Carol pretended to look shocked, but Gloria carried on as if she didn’t notice. “But you have nothing to worry about. Johnnie’s still madly in love with you, isn’t he, dear?” Gloria had a twinkle in her eye.

    “Of course he is. And I’m still crazy about him—just don’t tell him.”

    “I hope so, dear, because I put you two in the east room. I know it’s your favorite.”

    “Thanks,” Carol took the old, brittle woman into her arms. “And are you okay, Gloria?”

    “Of course I am. Why would you ask such a thing?” But she stayed in Carol’s arms for a little while longer.

    “What are you two plotting?” Johnnie asked as he struggled up with their bags. “And don’t worry about me—I’ll just lug everybody’s stuff by myself.”

    “And, well, you should,” Gloria reached up and kissed him, and hugged him as tight as her frail old arms would allow. “Your poor wife and children are here for a rest, so don’t be selfish and go around spoiling everything.

    “So,” Gloria asked after Carol had gone to settle the kids into the new rooms over the boathouse. “Have you talked with your father?” She waited at the bottom step for Johnnie to take her by the elbow. She could have made it on her own, but she knew he liked to behave like a gentleman.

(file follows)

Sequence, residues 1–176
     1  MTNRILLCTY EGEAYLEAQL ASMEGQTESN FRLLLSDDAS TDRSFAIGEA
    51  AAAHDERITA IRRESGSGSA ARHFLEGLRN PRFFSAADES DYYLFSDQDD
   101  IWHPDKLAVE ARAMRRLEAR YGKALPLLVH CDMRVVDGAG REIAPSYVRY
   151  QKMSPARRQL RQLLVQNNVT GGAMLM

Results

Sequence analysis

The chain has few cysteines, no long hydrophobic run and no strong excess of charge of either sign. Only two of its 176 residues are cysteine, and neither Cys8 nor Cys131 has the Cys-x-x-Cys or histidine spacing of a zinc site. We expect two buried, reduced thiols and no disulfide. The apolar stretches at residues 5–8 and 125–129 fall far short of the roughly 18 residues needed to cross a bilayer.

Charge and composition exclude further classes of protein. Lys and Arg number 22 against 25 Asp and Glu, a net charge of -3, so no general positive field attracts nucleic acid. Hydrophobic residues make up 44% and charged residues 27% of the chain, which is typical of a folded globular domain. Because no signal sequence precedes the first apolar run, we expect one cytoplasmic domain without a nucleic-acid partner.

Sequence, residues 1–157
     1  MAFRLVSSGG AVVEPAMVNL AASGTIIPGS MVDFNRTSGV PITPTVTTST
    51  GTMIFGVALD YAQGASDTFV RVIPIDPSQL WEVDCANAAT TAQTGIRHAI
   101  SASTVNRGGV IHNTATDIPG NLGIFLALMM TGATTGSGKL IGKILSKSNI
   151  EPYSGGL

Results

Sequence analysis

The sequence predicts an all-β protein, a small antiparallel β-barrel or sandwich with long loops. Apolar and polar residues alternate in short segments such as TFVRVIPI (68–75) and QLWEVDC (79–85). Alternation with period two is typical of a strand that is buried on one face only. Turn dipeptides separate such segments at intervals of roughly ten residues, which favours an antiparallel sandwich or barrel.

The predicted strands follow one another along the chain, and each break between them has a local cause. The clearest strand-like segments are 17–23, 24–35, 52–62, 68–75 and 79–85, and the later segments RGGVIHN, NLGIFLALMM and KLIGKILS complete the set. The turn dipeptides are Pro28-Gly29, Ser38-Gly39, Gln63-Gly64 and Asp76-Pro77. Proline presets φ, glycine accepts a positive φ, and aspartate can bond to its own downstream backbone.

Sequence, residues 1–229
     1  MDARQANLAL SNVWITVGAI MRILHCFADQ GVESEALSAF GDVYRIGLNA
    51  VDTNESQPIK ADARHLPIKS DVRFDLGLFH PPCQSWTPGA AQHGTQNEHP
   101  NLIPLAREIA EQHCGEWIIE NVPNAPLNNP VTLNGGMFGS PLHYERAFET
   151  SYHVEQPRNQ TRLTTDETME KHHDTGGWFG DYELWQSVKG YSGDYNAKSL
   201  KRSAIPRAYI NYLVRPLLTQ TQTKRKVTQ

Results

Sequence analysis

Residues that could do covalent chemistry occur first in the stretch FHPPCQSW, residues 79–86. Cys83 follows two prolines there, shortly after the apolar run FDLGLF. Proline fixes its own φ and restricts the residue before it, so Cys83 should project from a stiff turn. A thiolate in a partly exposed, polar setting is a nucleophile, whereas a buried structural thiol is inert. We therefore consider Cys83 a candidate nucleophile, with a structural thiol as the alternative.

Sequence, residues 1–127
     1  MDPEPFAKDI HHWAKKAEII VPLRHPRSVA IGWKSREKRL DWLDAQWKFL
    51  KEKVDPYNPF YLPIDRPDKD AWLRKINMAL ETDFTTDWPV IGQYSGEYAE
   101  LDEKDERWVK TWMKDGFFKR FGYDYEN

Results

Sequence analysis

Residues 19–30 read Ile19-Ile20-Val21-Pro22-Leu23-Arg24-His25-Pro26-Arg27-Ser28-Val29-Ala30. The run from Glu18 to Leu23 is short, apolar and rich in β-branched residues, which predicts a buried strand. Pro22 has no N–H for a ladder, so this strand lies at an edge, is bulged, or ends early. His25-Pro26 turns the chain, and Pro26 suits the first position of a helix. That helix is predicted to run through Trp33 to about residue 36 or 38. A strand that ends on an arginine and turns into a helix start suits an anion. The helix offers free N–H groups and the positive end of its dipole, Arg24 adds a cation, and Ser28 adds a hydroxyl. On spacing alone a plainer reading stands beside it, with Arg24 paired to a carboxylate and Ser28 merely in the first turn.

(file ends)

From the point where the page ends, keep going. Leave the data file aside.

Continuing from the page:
“Yes, and I hope he knows what he’s doing. It might be asking a bit too much.”

    “Not of you, dear, surely?”

    “No, I’m okay with it all, and I really want this to work out—for everyone. I was a bit torn up when I first heard, but it’s settled in now and, well, you know . . .”

    “Yes, Johnnie, I do.” She smiled up at him and reached up to stroke his cheek. It always reminded her of Harry’s—at least his good side. “Being family means having to go through things like this, and we will all get to play our parts. Hopefully C.C.’s new love interest will provide enough distraction for your mother.”

    She paused when they got to the top step and looked up at him for a moment as if she was about to say something else but changed her mind.

    “What is it, Gloria? What other secrets are you keeping from me?”

    “Far too many for what little time we have left. Now let’s go inside. I have some nice cold beer in the fridge. You might need some fortification before your mother gets here.”